Outdoor swimming

Cold swimming can help reduce blood pressure and cholesterol

Description: Outdoor swimming

There is nothing like that first dip in a glistening hotel pool. Refreshing and revitalising,  swimming can be pretty body transforming, too- even doggy- paddle can burn over 200 cals an hour. But if you soon drift into ‘laday swimming’ in the quest to keep your hair dry, the only muscles you will  work out are the ones in your neck as you strain to keep your head above the water. Tweak your technique and you will have had a total- body workout all before the sunlounger scavenge begins (and be able to move faster than that kid on the lilo, too).

Just breathe

Find you have enough puff to run 10k  no problem, but struggle after just three laps in the water? It sounds like you are panting instead of breathing. ‘It is instinctive to hold your breath underwater, then gulp for air when you come up. But that is not brathing, it is hyperventilating!’ says instructor Steven Shaw (artofswimming.com). ‘Blow out of your nose when underwater, then breathe in slowly when your face reaches above the surface.’

Move your hips

Lifting your head during the front crawl is like putting on your body’s brakes, slowing you down, tiring you our and straining your back in one fell swoop. ‘To come up for a breath, rotate your hips and shoulders to one side instead of just turning your head. Your face will follow, meaning you can breathe without any danger of straining your spine,’ says Steven.

Swithch it up

‘Swimming one stroke for your entire session is like using one piece of equipment at the gym- you would not do it because it is boring and inefficient,’ says Steven. Breaststroke tones your legs and abs, while front crawl works your upper body, so mix them up for a total- body workout.


Rollerblading burns a whopping 700 calories an hour

Description: Rollerblading

LA, Miami, Bondi …beachside boardwalks are full of impossibly cool, tanned girls whizzing around on a set of wheels like they were born wearing them. Fancy finding out if those skills you picked up at the roller disco are still Starlight Express- worthy? The good news is you do not need the grace of a dancer or the balance of a tightrope walker to pull it off graze- free.

Stay stable

Unless you have got the equilibrium of a seasoned skier or a veteran yogi, you may find staying upright the biggest chaleenge. Do not fall into the newbie trap of letting your head travel faster than your body. ‘Your shoulders, knees and toes should all be in a vertical line. If any part of you is out of line, you are asking for a fall,’ says instructor Mike van Erp from London Skaters (londonskaters.com)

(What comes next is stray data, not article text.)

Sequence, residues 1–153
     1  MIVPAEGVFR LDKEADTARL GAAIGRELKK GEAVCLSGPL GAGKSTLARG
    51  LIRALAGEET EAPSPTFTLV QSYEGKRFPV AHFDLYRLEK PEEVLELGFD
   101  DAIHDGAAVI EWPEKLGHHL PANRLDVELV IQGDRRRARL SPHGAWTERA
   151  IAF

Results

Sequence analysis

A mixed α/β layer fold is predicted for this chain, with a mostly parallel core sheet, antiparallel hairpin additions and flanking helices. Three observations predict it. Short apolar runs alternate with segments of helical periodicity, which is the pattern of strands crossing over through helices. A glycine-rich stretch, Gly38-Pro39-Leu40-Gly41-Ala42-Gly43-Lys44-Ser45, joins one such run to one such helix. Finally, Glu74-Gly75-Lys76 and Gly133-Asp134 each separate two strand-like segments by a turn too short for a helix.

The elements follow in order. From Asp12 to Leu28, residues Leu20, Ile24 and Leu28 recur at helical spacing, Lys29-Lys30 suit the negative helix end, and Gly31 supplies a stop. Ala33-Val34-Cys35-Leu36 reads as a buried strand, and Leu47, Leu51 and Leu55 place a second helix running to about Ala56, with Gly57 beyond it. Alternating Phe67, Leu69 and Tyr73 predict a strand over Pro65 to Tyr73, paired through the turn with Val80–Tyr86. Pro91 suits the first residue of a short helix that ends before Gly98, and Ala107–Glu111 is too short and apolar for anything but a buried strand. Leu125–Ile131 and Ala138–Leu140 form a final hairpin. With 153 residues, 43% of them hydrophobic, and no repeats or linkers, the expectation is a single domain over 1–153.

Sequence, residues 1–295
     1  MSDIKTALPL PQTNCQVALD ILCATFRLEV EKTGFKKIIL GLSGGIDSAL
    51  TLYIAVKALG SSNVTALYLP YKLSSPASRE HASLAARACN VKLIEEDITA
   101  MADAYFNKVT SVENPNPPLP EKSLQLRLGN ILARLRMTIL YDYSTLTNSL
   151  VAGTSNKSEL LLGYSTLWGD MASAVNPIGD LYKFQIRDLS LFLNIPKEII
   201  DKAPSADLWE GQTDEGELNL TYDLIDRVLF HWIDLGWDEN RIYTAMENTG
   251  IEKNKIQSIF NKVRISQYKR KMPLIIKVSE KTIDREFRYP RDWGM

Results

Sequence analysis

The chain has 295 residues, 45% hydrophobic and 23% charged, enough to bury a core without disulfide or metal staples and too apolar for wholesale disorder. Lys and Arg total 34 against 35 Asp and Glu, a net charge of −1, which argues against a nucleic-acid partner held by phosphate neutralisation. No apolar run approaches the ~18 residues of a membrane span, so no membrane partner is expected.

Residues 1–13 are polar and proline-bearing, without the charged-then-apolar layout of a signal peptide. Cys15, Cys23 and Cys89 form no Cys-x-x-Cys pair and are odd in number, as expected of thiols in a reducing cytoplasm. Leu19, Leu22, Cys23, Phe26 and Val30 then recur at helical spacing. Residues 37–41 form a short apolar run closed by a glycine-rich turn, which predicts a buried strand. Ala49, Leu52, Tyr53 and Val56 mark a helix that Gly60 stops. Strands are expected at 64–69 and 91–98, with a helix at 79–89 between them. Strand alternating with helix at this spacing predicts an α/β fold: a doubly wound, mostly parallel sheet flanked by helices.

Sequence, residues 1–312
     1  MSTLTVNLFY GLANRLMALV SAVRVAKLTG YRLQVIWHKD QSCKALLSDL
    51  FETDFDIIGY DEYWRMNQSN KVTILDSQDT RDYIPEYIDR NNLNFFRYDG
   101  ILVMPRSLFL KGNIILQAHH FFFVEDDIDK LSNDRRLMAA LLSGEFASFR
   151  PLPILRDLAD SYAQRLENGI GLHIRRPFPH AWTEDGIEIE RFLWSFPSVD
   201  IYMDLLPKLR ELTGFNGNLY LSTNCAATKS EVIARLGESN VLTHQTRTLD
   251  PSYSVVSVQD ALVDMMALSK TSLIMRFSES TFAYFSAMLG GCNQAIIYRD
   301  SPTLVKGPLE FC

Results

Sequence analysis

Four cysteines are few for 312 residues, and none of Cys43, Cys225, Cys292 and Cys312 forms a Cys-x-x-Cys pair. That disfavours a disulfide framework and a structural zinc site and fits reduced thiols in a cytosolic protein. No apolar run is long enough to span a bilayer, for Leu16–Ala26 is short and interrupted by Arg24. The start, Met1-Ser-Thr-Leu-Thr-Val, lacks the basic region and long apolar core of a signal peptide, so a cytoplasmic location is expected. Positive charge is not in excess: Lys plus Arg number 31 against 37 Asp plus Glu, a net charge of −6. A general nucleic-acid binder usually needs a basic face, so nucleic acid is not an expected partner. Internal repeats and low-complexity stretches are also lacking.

Push it

You will naturally want to push through your toes or let your feet slice backwards and forwards, but try to push sideways through your heels, instead,’ advises Mike. ‘Your strides should go out to the side towards the 3 and 9 o’clock positions. To get into a rhythm, think of your body like a metronome, tick- tocking from left to right.’

Location, location, location

Take a long, hard look at the pavement before you even think of lacing up. Finding a flat, smooth place to skate is really important- even the best skaters can be taken out by a rogue pavement slab. Look out for sticks, stones, kerbs and even slight slopes so you can svoid them at all costs,’ warns Mike.

Water- skiing

Water- skiing forces you to engage your core muscles. Ab Fab!

Description: Water- skiing

Few things get your blood rishing like cruising behind a speedboat in the Med, hair blowing in the wind. Admittedly, this adrenaline- pumping, total- body workout takes a bit of practice, but is so much fun that once you have got the hang of it, your friends will have to physically drag you out of the water. Follow these first- timer tips to avoid a face- plant:

Slowly does it

‘Do not try to stand up too quickly. As the boat starts to pull away, you will be tampted to shoot up, but fight this urge,’ advises John Battleday, instructor and owner of IBSki (ibski.com). ‘Let your shoulders roll for ward and lift your bum, keeping your arms straight and your knees bent. Once you find your balance in this crouched position, straighten your legs inch by inch until you are finally upright.’

Do not do all the work

The boat is a lot stronger than you, so let it do the heavy lifting. ‘A lot of first- timers try to pull themselves up, but this just launches them forwards into a belly flop. Not cool. Keep your arms locked and straight and let the boat pull you up,’ says John. And do not bend your arms or tug on the rope!

Keep your eyes on the prize

Once you are up, stay there bu focusing on the driver of the boat. ‘I always say, if you look down, you fall down. Keep your head up and your eyes ahead,’ advises John.

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